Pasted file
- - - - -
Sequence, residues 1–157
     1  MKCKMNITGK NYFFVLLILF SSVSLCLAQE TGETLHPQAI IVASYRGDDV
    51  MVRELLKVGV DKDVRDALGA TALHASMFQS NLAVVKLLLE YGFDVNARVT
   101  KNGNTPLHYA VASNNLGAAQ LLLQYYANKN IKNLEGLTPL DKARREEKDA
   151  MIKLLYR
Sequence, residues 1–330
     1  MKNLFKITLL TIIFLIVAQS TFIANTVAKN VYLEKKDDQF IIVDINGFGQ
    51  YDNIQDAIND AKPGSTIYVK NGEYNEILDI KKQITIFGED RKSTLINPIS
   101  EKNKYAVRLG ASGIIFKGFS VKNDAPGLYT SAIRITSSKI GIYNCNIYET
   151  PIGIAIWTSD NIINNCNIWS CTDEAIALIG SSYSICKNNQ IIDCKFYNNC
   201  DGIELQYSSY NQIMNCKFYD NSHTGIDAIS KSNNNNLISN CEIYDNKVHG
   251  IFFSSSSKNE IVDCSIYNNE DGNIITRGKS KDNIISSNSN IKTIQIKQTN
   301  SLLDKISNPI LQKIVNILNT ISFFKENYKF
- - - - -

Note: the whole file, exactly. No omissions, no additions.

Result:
Sequence, residues 1–157
     1  MKCKMNITGK NYFFVLLILF SSVSLCLAQE TGETLHPQAI IVASYRGDDV
    51  MVRELLKVGV DKDVRDALGA TALHASMFQS NLAVVKLLLE YGFDVNARVT
   101  KNGNTPLHYA VASNNLGAAQ LLLQYYANKN IKNLEGLTPL DKARREEKDA
   151  MIKLLYR
Sequence, residues 1–330
     1  MKNLFKITLL TIIFLIVAQS TFIANTVAKN VYLEKKDDQF IIVDINGFGQ
    51  YDNIQDAIND AKPGSTIYVK NGEYNEILDI KKQITIFGED RKSTLINPIS
   101  EKNKYAVRLG ASGIIFKGFS VKNDAPGLYT SAIRITSSKI GIYNCNIYET
   151  PIGIAIWTSD NIINNCNIWS CTDEAIALIG SSYSICKNNQ IIDCKFYNNC
   201  DGIELQYSSY NQIMNCKFYD NSHTGIDAIS KSNNNNLISN CEIYDNKVHG
   251  IFFSSSSKNE IVDCSIYNNE DGNIITRGKS KDNIISSNSN IKTIQIKQTN
   301  SLLDKISNPI LQKIVNILNT ISFFKENYKF